It is no secret that numerous functions once handled with circuitry are migrating to software.
The trend has given a larger role. These devices are used to generate binary or hexadecimal logic signals that depend on the switch position. They serve as a means of providing information to software about settings, preferences, or other userspecified parameters.
The switches typically have four output pins which generate binary patterns for either decimal 0 through 9 or hexadecimal 0 through F. Their moving component is a plastic rotor which turns in the plastic switch body. On the under side of the rotor are cam lobes that force movable contacts down onto fixed contacts at each stop position. This cam action prevents logic errors that might otherwise be caused by dragging of the movable contacts on the fixed contacts.
Molded onto the top of the rotor are peaks and valleys. A corrugated circular spring rides over these peaks and valleys. The high points of the corrugated spring drop into the valleys of the rotor and provide positive tactile feel and stops at each switch position.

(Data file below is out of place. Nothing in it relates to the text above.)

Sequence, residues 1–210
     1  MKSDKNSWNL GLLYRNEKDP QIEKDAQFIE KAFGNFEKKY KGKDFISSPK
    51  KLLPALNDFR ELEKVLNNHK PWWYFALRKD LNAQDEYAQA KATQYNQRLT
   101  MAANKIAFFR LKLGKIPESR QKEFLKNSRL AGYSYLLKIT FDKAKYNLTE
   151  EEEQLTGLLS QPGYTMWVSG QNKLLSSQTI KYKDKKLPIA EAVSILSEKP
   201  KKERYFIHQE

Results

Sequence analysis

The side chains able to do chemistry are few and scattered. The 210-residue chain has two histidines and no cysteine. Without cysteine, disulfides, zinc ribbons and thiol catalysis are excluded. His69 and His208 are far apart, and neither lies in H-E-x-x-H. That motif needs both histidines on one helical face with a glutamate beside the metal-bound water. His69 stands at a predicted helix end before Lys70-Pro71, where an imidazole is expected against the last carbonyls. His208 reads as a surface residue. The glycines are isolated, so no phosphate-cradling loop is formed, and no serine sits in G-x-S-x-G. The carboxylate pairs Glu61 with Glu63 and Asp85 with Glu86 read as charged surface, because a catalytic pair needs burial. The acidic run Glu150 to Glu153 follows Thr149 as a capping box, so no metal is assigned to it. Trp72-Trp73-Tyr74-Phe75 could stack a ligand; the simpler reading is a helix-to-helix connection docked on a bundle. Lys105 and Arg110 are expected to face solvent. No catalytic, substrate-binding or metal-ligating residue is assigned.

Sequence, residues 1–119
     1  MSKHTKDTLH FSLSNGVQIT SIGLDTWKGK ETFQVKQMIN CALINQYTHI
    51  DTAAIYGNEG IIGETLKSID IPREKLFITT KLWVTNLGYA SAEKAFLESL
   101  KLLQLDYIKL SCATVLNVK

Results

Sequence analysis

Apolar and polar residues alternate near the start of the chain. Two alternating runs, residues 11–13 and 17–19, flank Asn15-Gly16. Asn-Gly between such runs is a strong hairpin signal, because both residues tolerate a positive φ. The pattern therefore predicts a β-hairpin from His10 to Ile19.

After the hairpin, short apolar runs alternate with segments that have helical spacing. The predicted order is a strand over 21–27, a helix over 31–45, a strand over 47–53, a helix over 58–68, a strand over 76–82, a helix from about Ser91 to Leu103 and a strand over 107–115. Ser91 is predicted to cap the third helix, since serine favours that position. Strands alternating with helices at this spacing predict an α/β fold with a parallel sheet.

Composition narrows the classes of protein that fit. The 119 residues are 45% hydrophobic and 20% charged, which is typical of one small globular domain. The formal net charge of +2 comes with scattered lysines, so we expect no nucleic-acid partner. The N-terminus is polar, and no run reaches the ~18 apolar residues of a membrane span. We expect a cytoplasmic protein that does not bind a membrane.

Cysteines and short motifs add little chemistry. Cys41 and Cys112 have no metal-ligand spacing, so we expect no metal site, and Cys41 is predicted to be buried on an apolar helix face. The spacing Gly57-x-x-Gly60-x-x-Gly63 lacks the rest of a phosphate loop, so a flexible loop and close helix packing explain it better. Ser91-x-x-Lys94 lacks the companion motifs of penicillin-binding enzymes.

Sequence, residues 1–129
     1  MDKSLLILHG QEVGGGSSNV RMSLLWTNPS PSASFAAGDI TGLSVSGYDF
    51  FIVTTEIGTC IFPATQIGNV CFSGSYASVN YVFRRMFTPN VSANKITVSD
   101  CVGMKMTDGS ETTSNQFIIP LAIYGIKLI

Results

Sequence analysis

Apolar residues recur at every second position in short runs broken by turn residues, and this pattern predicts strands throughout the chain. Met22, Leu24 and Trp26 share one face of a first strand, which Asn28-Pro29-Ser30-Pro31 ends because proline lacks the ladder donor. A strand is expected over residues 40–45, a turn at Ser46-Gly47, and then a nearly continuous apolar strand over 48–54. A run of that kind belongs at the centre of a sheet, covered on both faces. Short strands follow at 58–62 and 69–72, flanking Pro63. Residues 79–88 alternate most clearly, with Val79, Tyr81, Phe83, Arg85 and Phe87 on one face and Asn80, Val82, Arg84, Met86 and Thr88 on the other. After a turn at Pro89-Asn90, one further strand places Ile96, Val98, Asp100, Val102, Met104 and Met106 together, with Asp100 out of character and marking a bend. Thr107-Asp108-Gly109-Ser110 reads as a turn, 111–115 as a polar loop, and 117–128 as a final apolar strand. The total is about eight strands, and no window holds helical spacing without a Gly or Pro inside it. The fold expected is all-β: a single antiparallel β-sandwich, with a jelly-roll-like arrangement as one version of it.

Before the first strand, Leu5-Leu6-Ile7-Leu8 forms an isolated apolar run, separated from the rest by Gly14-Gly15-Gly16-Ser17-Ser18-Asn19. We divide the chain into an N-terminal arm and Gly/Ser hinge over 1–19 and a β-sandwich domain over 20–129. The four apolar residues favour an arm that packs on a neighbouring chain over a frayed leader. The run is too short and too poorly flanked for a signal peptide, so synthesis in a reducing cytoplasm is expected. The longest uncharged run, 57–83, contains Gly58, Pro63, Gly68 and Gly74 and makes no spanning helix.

Modern switches are assembled with fully automated methods. The molding-in of fixed contacts allows for extremely low profiles that permit close stacking of PC boards.
Electrical switching capacity of these devices is typically 100 mA at 5 Vdc, and the nonswitching rating is 100 mA at 50 Vdc. Recently released devices also are heat resistant and compatible with lead-free solder directives.
NKK Switches provided information for this article, www.nkkswitches.com.